Kimberly S. Peer, EdD, ATC, FNATA

Although I’ve been privileged to have had many memorable moments in my career, one of the most memorable moments was when the Athletic Training Professional Values became part of the NATA Code of Ethics. After working on professional ethics for a huge part of my professional career, this adoption validated the importance of professional values on the profession.

Another equally important moment was when I was awarded the NATA Sayers “Bud” Miller Distinguished Educator Award as it exemplified the value the profession places on advancing the profession through education and the impact we, as educators, have on future generations of athletic trainers.


Jiro Shikakura, MS, ATC

That’s when I first learned about athletic trainers. The encounter was shocking. It was in 1971 when the Utah State University football team came to Japan and played an all-star team of Japanese universities. At the time, I was a student manager of the Waseda University football team and a member of the student committee of the Eastern Japan College Football Federation. As part of my job, I was assigned to support the Utah State University side. It was then that I got to know athletic trainers for the first time. They taped, stretched and provided first aid. Although there were a small number of athletic “trainers” in Japan at that time, they were little known to the public because their primary job was to massage people in professional baseball. I was initially interested in learning how to become an athletic trainer and did a lot of research in Japan but couldn’t find information on them. Therefore, I decided to study athletic training in the U.S.


Craig Alan Voll Jr., PhD, ATC, PT

From a clinical perspective, without a doubt it was being part of the team that won the Big Ten Championship and went to the 2001 Rose Bowl.

From a leadership standpoint, there are a couple! First was the passing of HEA 1467 into law in 2011. This codified into law the undeniable right for athletic trainers in the state of Indiana to be reimbursed by third-party payors for their services. The law made it illegal for an insurance company to deny payment for a covered service simply because it was performed by an athletic trainer.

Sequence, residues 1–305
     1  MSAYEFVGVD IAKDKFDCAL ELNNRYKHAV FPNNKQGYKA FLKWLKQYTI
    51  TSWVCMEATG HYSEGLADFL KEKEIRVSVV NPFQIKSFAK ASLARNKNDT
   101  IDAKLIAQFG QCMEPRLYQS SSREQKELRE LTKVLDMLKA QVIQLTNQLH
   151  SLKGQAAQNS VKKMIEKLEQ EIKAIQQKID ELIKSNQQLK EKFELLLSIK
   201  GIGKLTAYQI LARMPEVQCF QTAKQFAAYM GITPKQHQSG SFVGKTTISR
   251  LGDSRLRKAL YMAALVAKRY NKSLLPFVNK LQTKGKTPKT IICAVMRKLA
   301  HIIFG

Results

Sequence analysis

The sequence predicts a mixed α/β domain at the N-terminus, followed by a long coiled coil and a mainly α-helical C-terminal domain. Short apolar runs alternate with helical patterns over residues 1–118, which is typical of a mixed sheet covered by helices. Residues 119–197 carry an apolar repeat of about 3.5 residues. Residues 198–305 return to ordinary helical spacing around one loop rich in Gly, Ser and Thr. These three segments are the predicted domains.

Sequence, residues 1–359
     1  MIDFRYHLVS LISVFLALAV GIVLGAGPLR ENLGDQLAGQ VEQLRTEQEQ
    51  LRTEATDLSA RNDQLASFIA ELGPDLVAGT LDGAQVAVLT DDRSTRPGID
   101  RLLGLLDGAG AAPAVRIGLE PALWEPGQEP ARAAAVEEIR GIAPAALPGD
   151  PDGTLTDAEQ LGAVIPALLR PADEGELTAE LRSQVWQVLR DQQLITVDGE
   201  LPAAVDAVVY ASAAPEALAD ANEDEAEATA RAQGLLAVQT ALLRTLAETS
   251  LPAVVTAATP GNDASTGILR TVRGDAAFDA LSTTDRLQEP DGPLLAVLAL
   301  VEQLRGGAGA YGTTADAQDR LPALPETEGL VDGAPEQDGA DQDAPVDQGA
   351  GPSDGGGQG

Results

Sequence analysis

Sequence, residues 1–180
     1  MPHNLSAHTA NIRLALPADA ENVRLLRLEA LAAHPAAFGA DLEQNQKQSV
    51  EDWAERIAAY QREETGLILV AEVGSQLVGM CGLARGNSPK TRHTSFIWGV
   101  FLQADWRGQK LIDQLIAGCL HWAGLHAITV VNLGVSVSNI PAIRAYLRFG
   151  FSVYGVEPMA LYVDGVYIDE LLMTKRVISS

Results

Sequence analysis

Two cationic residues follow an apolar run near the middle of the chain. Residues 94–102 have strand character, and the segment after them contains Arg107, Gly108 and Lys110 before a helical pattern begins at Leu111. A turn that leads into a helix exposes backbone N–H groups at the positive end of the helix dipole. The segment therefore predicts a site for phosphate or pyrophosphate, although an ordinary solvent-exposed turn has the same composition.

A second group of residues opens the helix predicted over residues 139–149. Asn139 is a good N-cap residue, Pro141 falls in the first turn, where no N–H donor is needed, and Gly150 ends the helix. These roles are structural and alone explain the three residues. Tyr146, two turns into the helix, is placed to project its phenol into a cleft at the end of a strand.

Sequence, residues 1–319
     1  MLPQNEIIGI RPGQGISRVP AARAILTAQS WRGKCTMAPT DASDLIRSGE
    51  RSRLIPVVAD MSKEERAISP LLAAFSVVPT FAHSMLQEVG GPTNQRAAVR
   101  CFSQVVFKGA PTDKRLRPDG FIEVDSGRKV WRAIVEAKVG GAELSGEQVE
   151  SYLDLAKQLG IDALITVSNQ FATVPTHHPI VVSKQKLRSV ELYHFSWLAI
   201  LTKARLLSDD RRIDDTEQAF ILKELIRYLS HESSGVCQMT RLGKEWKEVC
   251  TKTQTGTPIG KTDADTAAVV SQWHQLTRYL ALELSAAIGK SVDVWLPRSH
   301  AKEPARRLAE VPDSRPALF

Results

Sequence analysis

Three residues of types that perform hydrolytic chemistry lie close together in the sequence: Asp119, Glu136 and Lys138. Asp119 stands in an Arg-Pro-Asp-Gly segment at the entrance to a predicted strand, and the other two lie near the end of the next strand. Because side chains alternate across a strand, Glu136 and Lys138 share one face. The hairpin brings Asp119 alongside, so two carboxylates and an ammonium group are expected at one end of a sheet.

Second was successfully advocating across the country for the need to split District Four into two districts and thus forming a new District Eleven. This division created 27 new formal leadership opportunities within the association; 27 more leaders who will get the opportunity to hone their leadership skills and bring new ideas to current discussions; 27 more members each year who may catch the “service bug” and continue to give back to the association by chairing a committee, serving on a task force or work group or running for elected office at the state, district or national level.

Third, helping to develop our association’s six diversity, equity, inclusion and access (DEIA) commitments and ensuring they become infused in all aspects of NATA. Part of that included helping create the NATA DEIA Council, which provides the opportunity for the council chair to participate in all open and closed board of director meetings, thus ensuring there are no blind spots in board discussions.

However, my most cherished memorable moment was receiving a handwritten letter from Chuck Kimmel in the mail with his copy of NATA News following the decision to split District Four and create District Eleven.


Cari L. Wood, LAT, ATC

There are so many! Being around secondary school-aged kids is so fun. They’re inquisitive, quirky and there’s never a dull moment. Some of my favorite memories come from the field trips I would take students on. Not only did I get to spend time showing off this wonderful career, but I also benefited from the tours of facilities we took, the schools visited and all the opportunities to meet and learn from athletic trainers in all sorts of settings and positions throughout the Pacific Northwest. Shout out to all the ATs who allowed us to visit and helped give my students a great experience! Most athletes say the time spent on bus trips with their teammates is the most memorable – I wholeheartedly agree!